3 Views of the Millennium

The millennium is specifically mentioned in Rev. 20. In fact, it is the only place were it is explicitly stated. Its theme, however, seems to run throughout scripture. There are three primary views held regarding the millennium. These views deal with its timing in relation to Christ’s second coming and its nature; is it literal or figurative.

The three most common understandings of the millennium may be defined a little different depending on who you talk to, but can be broken down into three categories; premillennialism, postmillennialism or amillennialism.

Today, the most predominant view is premillennialism. This view holds to the idea that Christ’s second coming will precede the millennium. According to Henry Virkler in his book Hermeneutics, premillennialists believe that “He (Christ) will descend to earth and set up a literal 1000-year earthly kingdom with its headquarters in Jerusalem” (Virkler, 201). It is important to understand that not all premillennialists agree on all the details. There are two major camps of premillennialists; traditional premillennialists and dispensational premillennialists. When it comes to the actual details of the millenium, there will be a lot of disagreement on its nature and purpose, but to be a premillenialist, a person must believe that Christ’s second coming will take place before the millennium (pre-millennium).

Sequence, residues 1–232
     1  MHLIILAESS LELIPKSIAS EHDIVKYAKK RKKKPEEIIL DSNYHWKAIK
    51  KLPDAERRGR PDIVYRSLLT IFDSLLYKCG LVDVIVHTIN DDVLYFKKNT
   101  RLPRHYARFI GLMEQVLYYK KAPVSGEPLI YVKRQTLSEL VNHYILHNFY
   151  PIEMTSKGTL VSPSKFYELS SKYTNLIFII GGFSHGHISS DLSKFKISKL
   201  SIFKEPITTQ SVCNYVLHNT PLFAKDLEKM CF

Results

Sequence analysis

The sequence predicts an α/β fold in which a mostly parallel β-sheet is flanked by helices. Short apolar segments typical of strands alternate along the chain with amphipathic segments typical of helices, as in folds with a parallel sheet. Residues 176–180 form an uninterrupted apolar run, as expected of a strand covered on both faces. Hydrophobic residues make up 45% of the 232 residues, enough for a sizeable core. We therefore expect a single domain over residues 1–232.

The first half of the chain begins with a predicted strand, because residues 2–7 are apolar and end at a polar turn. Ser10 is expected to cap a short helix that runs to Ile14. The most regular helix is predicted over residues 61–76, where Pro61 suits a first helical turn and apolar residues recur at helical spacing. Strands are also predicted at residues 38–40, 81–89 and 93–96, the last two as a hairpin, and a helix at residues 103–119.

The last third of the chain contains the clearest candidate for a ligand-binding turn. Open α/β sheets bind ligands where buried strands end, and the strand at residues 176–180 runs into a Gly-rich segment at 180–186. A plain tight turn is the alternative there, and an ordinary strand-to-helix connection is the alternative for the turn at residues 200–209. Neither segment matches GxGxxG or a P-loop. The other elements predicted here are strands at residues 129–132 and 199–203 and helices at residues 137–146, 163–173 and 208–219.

Postmillennialism, according to Virkler, “is the view that through evangelism, the world eventually will be reached for Christ. There will be a period in which the world will experience joy and peace because of its obedience to God. Christ will return to earth at the end of the millennium” (post-millennium) (201). It must be clarified that postmillennialists do not believe that everyone will be a Christian during this time, but that society as a whole will be Christian.

Amillennialism, according to Virkler, “is conceptually a form of postmillennialism. The millennium, in this theory, is symbolic and refers to the time between Christ’s first and second coming. During this time, Christ rules symbolically in men’s hearts. Christ’s second coming will mark the end of the period.” Amillennialists believe the Christ will never have an earthly rule (a- or no-millennium)” (201).